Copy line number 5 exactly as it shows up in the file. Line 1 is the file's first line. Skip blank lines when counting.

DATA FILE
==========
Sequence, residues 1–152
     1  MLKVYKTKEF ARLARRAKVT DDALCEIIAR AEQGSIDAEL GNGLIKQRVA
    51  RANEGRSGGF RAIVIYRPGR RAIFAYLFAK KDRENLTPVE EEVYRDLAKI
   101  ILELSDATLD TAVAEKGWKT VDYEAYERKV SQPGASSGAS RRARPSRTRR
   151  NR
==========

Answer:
   151  NR